The self-titled debut from this New York group Masters of Reality (1988) traverses between Black Sabbath (hence the title), Cream and AC/DC with a touch of the Doors and Beatlesque wit. Produced by studio marvel Rick Rubin and some additional help from founder/vocalist/guitarist Chris Goss, this is one the most creative rock records of the eighties. While it garnered some success on college radio it never really rose above cult status. Three years prior to the release of Nirvana’s Nevermind, bands like REM were already beginning to usher in a welcome change from the hair spray and glitter metal of the eighties with jangly guitars and folk sensitivity delivered with a punk rock aesthetic . Masters of Reality were responding to the bloated extravagance with a record full of bluesy psychedelic embellishments by crafting hefty guitar riffs, some refined piano/organ passages along with Goss’ sultry voice-who sounds like a cross between Jack Bruce and Jim Morrison.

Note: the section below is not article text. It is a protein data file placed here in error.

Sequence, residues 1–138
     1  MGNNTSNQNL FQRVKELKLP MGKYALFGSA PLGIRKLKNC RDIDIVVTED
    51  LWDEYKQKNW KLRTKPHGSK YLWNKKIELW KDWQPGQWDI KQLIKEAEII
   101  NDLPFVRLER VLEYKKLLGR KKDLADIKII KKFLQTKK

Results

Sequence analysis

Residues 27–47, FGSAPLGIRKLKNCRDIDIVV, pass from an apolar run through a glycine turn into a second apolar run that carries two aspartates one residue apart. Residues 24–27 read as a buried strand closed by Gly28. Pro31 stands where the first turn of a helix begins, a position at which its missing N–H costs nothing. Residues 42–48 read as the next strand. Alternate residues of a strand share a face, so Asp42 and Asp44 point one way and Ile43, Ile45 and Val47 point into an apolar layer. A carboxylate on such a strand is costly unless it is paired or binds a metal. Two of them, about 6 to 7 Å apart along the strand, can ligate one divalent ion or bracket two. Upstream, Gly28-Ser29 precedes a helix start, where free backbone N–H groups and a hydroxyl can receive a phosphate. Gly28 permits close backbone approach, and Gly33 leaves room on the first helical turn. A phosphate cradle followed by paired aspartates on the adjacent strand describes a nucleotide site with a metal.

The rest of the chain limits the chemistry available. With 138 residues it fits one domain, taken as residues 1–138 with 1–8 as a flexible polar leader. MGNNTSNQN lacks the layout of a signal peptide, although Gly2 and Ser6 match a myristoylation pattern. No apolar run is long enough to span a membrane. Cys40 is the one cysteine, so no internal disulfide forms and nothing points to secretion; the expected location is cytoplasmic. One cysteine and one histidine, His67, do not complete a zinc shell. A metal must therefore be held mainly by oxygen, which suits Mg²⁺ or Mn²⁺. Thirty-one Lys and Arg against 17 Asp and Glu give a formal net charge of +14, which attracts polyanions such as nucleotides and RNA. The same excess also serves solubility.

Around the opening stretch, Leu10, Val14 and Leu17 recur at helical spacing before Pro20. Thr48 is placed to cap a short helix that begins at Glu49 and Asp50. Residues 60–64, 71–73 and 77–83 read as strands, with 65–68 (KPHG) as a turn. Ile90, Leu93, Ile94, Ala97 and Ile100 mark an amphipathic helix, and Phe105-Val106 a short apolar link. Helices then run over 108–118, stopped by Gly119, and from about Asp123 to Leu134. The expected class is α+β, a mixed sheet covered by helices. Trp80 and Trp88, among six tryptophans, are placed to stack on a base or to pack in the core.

The songs, all penned by Goss and guitarist Tim Harrington, contain varying subject matter ranging from hookers (The Candy Song) to hippy giddiness (Getting’ High) alongside the stream of conscious (Doraldina’s Prophecies). In addition to Goss/Harrington’s clever songwriting, they have a cohesive band
to set the words in motion. There’s the swampy steel string slide opening to the electro-folk anthem (John Brown), some fuzzy blues licks on another cut (Sleepwalkin’) and a jump blues acoustic number (Lookin’ Too Get Right). There’s also an ominous, almost doom metal guitar interlude tucked in the middle of the record (Theme for the Scientist of the Invisible). Another high point is the classical piano intro that leads into the heavy prog leanings of the album’s closer (Kill the King). There are plenty of other gems on this record as well; all mixed with quirky pop structures mingled with obscure lyrics and some serious rock-n-roll making this record a misplaced archetype. –ECM Tim